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An arithmetic readonce formula (ROF for short) is a formula (a circuit in which the fanout of every gate is at most 1) in which the operations are {+, ×} and such that every input variable labels at most one leaf. In this paper we study the problems of identity testing and reconstruction of readonce formulas. the following are some of the results that we obtain. 1. Given k ROFs in n variables, over a field F, we give a deterministic (non blackbox) algorithm that checks whether they sum to zero or not. The running time of the algorithm is n O(k2). 2. We give an n O(d+k2) time deterministic algorithm for checking whether a black box holding the sum of k depth d ROFs in n variables computes the zero polynomial. In other words, we provide a hitting set of size n O(d+k2) for the sum of k depth d ROFs. If F  is too small then we make queries from a polynomial size extension field. This implies a deterministic algorithm that runs in time n O(d) for the reconstruction of depth d ROFs. 3. We give a hitting set of size exp ( Õ( √ n + k 2)) for the sum of k ROFs (without depth restrictions). In particular this implies a subexponential time deterministic algorithm for
TensorRank and Lower Bounds for Arithmetic Formulas
"... We show that any explicit example for a tensor A: [n] r → F with tensorrank ≥ nr·(1−o(1)) , (where r = r(n) ≤ log n / log log n), implies an explicit superpolynomial lower bound for the size of general arithmetic formulas over F. This shows that strong enough lower bounds for the size of arithmet ..."
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Cited by 22 (1 self)
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We show that any explicit example for a tensor A: [n] r → F with tensorrank ≥ nr·(1−o(1)) , (where r = r(n) ≤ log n / log log n), implies an explicit superpolynomial lower bound for the size of general arithmetic formulas over F. This shows that strong enough lower bounds for the size of arithmetic formulas of depth 3 imply superpolynomial lower bounds for the size of general arithmetic formulas. One component of our proof is a new approach for homogenization and multilinearization of arithmetic formulas, that gives the following results: We show that for any nvariate homogenous polynomial f of degree r, if there exists a (fanin2) ( formula of size s and depth d for f then there exists a homogenous (d+r+1)) formula of size O r · s for f. In particular, for any r ≤ log n, if there exists a polynomial size formula for f then there exists a polynomial size homogenous formula for f. This refutes a conjecture of Nisan and Wigderson [NW95] and shows that superpolynomial lower bounds for homogenous formulas for polynomials of small degree imply superpolynomial lower bounds for general formulas. We show that for any nvariate setmultilinear polynomial f of degree r, if there exists a (fanin2) formula of size s and depth d for f then there exists a setmultilinear formula of size O ((d + 2) r · s) for f. In particular, for any r ≤ log n / log log n, if there exists a polynomial size formula for f then there exists a polynomial size setmultilinear formula for f. This shows that superpolynomial lower bounds for setmultilinear formulas for polynomials of small degree imply superpolynomial lower bounds for general formulas.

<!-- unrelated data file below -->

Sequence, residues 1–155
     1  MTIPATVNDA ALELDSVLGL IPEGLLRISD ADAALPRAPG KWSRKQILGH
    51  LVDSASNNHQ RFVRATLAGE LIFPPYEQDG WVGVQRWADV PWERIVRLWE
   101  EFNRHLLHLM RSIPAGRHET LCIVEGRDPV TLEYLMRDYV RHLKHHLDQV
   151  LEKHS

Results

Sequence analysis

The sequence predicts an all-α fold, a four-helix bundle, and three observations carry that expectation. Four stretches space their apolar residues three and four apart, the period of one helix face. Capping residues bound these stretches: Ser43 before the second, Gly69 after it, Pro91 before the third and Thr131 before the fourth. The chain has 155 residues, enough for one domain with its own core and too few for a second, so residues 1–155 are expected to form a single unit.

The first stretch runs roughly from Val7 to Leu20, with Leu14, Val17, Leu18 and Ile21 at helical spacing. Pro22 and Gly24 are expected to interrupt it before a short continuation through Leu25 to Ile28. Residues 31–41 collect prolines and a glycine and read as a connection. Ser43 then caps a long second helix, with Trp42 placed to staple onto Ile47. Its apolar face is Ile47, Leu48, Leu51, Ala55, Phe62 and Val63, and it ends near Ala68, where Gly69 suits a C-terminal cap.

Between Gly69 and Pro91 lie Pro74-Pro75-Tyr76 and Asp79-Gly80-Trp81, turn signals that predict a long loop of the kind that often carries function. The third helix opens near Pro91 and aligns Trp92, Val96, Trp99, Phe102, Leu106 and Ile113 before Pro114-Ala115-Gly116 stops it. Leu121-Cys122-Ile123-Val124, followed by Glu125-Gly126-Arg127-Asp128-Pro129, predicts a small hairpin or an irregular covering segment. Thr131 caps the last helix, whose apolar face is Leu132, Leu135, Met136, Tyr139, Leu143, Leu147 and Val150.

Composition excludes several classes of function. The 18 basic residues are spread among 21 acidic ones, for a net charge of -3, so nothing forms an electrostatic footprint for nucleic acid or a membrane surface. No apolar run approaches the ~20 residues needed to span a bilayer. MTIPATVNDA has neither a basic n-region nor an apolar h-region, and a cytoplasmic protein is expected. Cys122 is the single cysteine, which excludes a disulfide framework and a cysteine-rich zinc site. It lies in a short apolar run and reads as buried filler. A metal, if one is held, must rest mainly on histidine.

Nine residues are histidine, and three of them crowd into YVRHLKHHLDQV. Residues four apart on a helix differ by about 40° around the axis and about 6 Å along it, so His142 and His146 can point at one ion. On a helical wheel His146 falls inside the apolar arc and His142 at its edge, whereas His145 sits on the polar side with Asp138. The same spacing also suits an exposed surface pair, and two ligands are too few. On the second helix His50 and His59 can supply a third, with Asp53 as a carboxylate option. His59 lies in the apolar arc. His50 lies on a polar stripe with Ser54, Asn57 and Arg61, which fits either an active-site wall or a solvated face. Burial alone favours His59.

Deterministic identity testing of depth 4 multilinear circuits with bounded top fanin
, 2009
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Quasipolynomial hittingset for setdepth formulas
 In STOC
, 2013
"... Abstract. We call a depth4 formula C setdepth4 if there exists a (unknown) partition X1 unionsq · · · unionsq Xd of the variable indices [n] that the top product layer respects, i.e. C(x) = ∑k i=1 ..."
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Abstract. We call a depth4 formula C setdepth4 if there exists a (unknown) partition X1 unionsq · · · unionsq Xd of the variable indices [n] that the top product layer respects, i.e. C(x) = ∑k i=1
Blackbox identity testing of depth4 multilinear circuits
 In Proceedings of the 43rd ACM Symposium on Theory of Computing (STOC
, 2011
"... We study the problem of identity testing for multilinear ΣΠΣΠ(k) circuits, i.e. multilinear depth4 circuits with fanin k at the top + gate. We give the first polynomialtime deterministic identity testing algorithm for such circuits. Our results also hold in the blackbox setting. The running time ..."
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Cited by 14 (3 self)